I have been doing some further thinking about my previously mentioned mid-life crisis over my career, and I think that I’ve sort of decided what it is that I need to do. Whether or not I’ll actually do it remains to be seen.
Basically, I had a good read of a book called ‘Changing your career’ at the weekend, having decided that as with most problems in my life I could solve it by getting a book on it. It was quite good, and it talked about the reasons people have for changing career, and what you need to consider before doing it. I also spent some time thinking about what things I enjoy in my work, and what things I don’t, and how that might affect what I want to do in the future. The back section of the book was devoted to profiles of about 20 different careers, so you could have a look through them and see if the type of work would suit you.
The upshot of my research, my personal audit (that’s the wanky technical phrase the book used), and the comparison to the career profiles was that the job that seems most suited to me is Web Developer. Which is what I’m doing at the moment.
So… um… There you go. I was a bit surprised, but actually it makes a lot of sense. I moved to this job from my previous administrative roles because this was more what I wanted to be doing. None of that has gone away, I’ve just lost sight of it after two years in post and the creeping boredom being in the same job entails. And in particular I have issues with this job, not my actual choice of career.
When I looked at the things I have most enjoyed in all my previous jobs, they were (apologies for the inarticulate phrasing):
- Being given a goal and being asked to work out how to achieve it
- Taking something, unpicking it, working out how it works, and then understanding it
- Learning new skills
- Checking things – proof reading, making sure things add up, being meticulous
All of these things fit fairly well in web development, or at least they seem to to me. The projects I have most enjoyed here have been the ones where a designer sends me a set of images and a list of requirements, and says “Can you make that?” Sometimes I know how to do it straight away, and sometimes I have to go away and learn something new in order to achieve it, but I get there in the end.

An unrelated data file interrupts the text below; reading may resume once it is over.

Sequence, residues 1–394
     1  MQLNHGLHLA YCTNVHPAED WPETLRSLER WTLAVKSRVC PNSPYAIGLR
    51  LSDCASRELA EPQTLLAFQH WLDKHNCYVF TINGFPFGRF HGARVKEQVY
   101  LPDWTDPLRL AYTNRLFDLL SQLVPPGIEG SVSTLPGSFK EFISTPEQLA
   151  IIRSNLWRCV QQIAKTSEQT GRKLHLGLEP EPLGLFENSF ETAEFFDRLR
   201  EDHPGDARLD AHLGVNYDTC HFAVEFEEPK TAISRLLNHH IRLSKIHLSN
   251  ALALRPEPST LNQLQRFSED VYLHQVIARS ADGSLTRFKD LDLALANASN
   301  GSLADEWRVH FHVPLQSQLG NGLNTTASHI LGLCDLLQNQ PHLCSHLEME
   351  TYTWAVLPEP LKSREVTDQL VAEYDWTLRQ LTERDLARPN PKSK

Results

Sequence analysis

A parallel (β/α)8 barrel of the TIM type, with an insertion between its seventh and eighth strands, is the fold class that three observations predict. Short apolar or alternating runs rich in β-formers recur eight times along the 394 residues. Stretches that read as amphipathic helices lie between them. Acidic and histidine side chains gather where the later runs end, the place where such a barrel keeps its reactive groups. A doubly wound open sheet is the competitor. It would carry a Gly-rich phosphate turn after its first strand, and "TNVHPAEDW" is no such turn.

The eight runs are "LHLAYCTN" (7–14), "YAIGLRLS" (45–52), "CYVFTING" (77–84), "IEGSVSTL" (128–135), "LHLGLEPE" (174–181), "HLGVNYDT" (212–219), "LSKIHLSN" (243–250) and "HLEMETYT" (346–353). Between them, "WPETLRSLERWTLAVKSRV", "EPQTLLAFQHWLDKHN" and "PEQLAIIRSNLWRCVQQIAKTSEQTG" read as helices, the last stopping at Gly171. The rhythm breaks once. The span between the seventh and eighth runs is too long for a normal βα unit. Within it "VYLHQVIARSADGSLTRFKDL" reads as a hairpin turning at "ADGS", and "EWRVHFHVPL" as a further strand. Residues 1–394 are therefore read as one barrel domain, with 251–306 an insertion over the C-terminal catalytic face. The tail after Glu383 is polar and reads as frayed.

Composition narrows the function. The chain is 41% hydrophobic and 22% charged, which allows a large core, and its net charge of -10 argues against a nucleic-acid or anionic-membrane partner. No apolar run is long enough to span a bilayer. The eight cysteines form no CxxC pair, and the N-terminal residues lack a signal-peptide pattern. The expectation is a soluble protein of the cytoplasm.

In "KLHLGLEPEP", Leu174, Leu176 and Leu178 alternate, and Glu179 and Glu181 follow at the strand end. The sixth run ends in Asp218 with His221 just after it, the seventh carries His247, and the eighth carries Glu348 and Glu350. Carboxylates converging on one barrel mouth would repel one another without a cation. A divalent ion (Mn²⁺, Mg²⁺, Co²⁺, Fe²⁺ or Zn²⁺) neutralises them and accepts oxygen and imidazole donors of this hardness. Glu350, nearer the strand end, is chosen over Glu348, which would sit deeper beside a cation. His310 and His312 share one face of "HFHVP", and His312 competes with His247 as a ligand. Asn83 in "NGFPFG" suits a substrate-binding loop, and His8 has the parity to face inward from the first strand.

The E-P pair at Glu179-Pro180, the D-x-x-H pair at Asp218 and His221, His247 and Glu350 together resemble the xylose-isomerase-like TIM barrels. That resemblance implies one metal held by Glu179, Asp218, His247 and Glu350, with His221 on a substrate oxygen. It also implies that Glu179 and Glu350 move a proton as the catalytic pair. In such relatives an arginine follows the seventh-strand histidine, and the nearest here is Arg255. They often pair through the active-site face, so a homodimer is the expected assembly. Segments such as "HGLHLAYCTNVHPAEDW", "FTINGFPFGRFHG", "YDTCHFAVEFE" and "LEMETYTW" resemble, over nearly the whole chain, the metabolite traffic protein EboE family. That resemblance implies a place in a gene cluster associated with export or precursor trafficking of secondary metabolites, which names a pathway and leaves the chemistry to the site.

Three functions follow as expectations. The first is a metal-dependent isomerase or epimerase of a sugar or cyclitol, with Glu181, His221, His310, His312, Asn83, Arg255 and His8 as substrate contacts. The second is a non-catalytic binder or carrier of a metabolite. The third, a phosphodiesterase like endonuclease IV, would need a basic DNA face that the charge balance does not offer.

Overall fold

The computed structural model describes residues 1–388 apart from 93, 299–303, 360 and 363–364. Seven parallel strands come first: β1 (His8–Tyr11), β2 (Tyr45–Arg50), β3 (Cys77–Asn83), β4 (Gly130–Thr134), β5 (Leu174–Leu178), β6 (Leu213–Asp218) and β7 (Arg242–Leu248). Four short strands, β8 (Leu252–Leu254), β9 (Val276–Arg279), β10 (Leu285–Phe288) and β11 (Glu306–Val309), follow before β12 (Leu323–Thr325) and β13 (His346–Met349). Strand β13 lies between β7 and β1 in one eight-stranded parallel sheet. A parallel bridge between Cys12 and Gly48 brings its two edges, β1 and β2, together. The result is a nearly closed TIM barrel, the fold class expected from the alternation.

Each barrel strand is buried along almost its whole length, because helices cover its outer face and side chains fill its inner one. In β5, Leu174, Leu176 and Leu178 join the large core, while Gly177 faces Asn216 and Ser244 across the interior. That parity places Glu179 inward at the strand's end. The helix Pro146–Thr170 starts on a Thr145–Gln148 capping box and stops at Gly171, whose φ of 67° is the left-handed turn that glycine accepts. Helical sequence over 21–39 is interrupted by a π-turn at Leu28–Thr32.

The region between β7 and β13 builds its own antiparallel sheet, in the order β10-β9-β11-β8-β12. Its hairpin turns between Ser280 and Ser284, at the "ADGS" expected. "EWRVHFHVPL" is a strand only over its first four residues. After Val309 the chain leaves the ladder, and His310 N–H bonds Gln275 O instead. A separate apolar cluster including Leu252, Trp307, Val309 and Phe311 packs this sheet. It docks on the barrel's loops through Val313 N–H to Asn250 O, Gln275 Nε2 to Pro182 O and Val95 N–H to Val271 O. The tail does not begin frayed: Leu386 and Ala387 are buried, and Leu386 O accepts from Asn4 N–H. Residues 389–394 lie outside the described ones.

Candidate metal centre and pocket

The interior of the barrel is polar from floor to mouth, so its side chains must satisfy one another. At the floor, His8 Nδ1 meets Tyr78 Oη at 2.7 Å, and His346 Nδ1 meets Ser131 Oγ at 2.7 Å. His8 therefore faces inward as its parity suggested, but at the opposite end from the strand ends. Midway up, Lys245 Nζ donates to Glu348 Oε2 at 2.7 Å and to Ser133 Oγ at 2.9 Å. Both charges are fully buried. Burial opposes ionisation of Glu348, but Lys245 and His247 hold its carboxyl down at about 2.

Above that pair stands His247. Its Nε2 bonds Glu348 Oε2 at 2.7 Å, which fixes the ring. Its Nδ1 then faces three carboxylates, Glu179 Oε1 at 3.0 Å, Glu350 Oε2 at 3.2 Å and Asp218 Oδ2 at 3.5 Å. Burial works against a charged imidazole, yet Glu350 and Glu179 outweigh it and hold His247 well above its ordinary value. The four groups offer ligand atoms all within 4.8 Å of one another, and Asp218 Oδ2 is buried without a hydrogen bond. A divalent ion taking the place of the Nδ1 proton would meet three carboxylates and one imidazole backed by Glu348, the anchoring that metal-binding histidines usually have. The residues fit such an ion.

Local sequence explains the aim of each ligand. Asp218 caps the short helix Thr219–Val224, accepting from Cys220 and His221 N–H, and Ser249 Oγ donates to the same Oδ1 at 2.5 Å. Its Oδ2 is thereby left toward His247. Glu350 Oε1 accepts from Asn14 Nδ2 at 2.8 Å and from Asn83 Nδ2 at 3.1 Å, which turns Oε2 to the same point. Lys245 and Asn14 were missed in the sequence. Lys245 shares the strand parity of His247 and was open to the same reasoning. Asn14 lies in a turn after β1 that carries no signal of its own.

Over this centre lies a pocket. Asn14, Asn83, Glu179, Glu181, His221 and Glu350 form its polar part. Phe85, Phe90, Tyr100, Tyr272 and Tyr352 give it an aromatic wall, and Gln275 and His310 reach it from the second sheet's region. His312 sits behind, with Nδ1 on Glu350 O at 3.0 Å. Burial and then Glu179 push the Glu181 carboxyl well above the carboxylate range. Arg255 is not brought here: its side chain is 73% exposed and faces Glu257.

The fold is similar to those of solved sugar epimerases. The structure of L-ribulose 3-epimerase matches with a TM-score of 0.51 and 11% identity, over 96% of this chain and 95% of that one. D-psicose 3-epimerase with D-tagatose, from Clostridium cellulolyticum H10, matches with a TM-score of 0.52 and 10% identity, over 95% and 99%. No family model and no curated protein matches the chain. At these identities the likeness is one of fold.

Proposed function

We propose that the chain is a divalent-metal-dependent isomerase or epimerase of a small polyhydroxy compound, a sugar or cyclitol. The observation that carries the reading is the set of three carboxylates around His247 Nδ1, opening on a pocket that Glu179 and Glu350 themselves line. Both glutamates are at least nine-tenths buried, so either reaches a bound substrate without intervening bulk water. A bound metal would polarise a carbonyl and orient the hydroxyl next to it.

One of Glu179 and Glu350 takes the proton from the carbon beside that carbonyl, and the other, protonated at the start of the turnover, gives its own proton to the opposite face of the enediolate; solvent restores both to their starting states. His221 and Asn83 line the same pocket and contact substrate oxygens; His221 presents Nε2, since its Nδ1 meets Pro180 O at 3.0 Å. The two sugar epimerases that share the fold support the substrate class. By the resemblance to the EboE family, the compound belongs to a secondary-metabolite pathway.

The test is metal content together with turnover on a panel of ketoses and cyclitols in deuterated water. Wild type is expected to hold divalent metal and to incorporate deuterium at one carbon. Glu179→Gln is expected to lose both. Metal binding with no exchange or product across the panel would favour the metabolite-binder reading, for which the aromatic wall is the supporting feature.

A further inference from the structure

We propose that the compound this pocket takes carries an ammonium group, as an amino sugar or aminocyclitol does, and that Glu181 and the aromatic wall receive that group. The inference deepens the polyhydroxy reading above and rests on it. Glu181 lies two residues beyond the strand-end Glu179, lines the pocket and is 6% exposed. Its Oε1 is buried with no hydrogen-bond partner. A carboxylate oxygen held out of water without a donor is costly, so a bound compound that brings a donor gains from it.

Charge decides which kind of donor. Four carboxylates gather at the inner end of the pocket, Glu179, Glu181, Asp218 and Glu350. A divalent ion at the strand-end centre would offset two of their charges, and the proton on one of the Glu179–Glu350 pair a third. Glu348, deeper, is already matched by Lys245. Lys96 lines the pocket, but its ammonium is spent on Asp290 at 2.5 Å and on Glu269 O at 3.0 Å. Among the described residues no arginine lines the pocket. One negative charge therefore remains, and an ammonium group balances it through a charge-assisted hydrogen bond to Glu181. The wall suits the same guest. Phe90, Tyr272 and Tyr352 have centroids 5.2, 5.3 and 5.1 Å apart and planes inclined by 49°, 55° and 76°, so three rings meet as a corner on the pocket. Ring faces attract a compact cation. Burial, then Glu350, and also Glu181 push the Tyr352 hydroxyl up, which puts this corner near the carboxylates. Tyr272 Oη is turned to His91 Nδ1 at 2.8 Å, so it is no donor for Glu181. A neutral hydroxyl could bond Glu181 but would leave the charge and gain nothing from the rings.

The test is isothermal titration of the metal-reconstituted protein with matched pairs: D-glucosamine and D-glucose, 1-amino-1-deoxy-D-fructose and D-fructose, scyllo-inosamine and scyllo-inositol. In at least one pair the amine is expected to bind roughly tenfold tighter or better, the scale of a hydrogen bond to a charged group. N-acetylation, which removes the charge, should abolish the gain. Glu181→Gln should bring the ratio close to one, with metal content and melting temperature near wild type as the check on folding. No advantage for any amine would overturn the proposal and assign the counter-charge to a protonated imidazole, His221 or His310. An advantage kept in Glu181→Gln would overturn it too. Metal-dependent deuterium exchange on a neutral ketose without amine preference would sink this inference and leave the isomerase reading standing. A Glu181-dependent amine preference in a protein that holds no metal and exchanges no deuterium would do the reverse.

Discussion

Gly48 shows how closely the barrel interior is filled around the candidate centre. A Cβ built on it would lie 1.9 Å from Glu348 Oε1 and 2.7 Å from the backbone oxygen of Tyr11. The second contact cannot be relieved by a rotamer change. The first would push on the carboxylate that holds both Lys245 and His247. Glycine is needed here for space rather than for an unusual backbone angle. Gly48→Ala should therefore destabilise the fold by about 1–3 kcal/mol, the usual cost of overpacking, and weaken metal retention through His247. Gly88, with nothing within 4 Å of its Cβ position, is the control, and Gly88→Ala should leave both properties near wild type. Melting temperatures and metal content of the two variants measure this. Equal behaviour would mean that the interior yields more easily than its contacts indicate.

The problem I have with my job at the moment is that, despite being called a Web Developer, I actually do very little development. Most of the time I’m limited to web editing, which is just updating text and fiddling about with a pre-existing website. And even then, my workload is quite light, and I have to ration what I do so I don’t get too bored. Both of those things leave me feeling unfulfilled, unstretched and quite de-skilled, as anything new that I do learn while working on a project then doesn’t get used again for nine months, by which time I’ve forgotten it.
So anyway, it seems to me that web development is an OK career for me still to be in. What I need to do though is either fix this job by taking on more work from somewhere, and hopefully making it more interesting work, or find a new job where I’m actually a web developer and not just called one.
The latter may well mean working in the private sector, and this concerns me. My only experience of working in the private sector was not a good one, as it was a smallish company and any mistakes you made had immediate financial consequences attached to them. I’m also not keen on any role that involves a sales aspect, and I don’t enjoy being public-facing.
So I’m not actually sure where I go from here. My plan is to start keeping a closer eye on local web jobs, and if I see something that looks promising I’ll apply for it. If it means taking a pay cut for a while, that’s OK, because I know my current skill level doesn’t really match my salary here. Luckily, Brighton has one of the highest concentration of ‘new media’ jobs in the country, so at least I know there are lots of web-type employers around.
I’m also considering starting some study in my spare time, so that I feel more mentally challenged (not in the spakka sense) and might gain a new qualification. I’m having a look at the Open University undergraduate courses in Maths at the moment, and I might think about doing it as a second degree. I enjoyed it at A Level and it would be nice to use those skills again; and you have the advantage with the Open University of stopping part-way through if your circumstances change or you just go off the idea. So I’m going to give that some thought anyway.
I feel a bit more positive than I did last week, and at least now I feel I’ve narrowed down my options and given myself some areas to focus on.